It goes without saying that 2020 was an incredibly challenging year for many brick-and-mortar retailers as pandemic-related restrictions made turning a profit an uphill battle.
Although recovery likely won’t be linear, and some sectors will get back to pre-COVID levels faster than others, 2021 should see cities all over the country lift these restrictions and allow businesses to operate at normal levels.
The commercial real estate industry could see vacancies fall as a result. Nevertheless, some of the economic pain was delayed as businesses struggled to get to the other side of the pandemic—so additional foreclosures are in the cards. And some risk factors remain, including coronavirus variants extending lockdowns and online shopping becoming an even more common replacement for brick-and-mortar options.
Here’s a look at what we might expect from the retail industry in 2021:
It’s reasonable (though not certain or specific) to expect a broad economic recovery in 2021, as more people will return to work, more businesses will reopen, and more money is pushed into the economy.
Naturally, this bounce-back will rely on a successful vaccine rollout and these shots working to control emerging COVID variants. There is a reason for optimism, though, as President Joe Biden believes there will be enough doses for every adult in the country by the end of May. Nevertheless, as with the recession, a recovery could be incredibly uneven depending on the industry.
Overall, retail sales recovered adequately after the initial lockdowns in April 2020, with spending exceeding pre-pandemic peaks in July and August. These numbers happened even with restrictions in place in much of the country, so high retail sales numbers should be expected this year.
At the same time, not every retail sector did well. For example, clothing store sales were over 21% lower than their pre-pandemic levels. In contrast, home improvement shops, grocery stores, and sporting goods retailers had higher-than-average sales last summer. Of course, e-commerce took off during the pandemic, securing a larger piece of the retail pie than ever before. And it’s a safe bet that online shopping will continue to grow because more people are comfortable with it, accelerating this fundamental shift.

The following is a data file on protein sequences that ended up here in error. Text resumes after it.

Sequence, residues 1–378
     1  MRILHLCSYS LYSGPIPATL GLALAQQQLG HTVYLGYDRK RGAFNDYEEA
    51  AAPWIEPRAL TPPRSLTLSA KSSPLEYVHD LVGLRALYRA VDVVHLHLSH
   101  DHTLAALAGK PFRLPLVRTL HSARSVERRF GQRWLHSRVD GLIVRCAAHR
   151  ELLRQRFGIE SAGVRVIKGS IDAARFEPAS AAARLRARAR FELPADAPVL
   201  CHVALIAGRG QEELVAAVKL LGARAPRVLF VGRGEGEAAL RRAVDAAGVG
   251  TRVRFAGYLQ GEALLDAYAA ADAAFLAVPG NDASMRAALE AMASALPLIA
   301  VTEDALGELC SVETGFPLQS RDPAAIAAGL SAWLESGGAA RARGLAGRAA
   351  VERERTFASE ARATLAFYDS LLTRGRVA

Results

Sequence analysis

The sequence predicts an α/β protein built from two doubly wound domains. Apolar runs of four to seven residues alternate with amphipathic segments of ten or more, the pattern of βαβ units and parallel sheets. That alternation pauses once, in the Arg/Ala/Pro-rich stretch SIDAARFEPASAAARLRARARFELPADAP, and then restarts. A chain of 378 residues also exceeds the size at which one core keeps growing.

It should come as no surprise that online purchases increased by over 30 percentage points at the height of COVID, as many consumers had no choice but to buy their goods digitally.
What’s noteworthy about these numbers is that some of the most significant gains were in the personal care, pharmaceutical, home furniture, and electronics industries, so people were buying everything from essential goods to luxury items online.
Jessica Liu, co-president at the e-commerce multinational Lazada Group, projects not only will more people shop online in 2021 than ever before, but local small and medium-sized businesses will have to get in on the action to stay afloat. The trend will create an even more robust online shopping environment where consumers don’t necessarily have to rely on Amazon and other e-commerce giants.
As it stands, there could be tremendous upside in commercial real estate investment in 2021, particularly in the latter half of the year. However, it could take some creativity to determine how to leverage the recovery—and where it will occur—when shopping returns to stores.
If online shopping remains as popular as it has been during the pandemic, warehouses and fulfillment centers will continue to be a good investment as more stores—both e-commerce and newly hybrid retailers—will need these spaces.
Likewise, there is a strong assumption that consumers have been missing the in-person shopping experience. So the broader brick-and-mortar retail environment may return to pre-pandemic levels, even in hard-hit sectors like clothing. Investors will want to keep tabs on the latest trends, as we’re entering a once-in-a-generation recovery period that could go a number of ways.
Since so much will likely change in the retail environment in 2021, flexibility likely remains paramount—and due diligence certainly will. Consumers have never had as many choices when seeking goods, and the entire globe is now a marketplace that can serve buyers anywhere. Commercial real estate investors must carefully evaluate individual investment opportunities and assess how consumers want to do their shopping if they consider retail-related properties.
Morris Southeast Group has the insight, market knowledge, and resources to guide you through the real estate decision-making process. Call us at 954.474.1776 to inquire about the current trends in South Florida CRE. You can also contact Ken Morris directly at 954.240.4400 or firstname.lastname@example.org.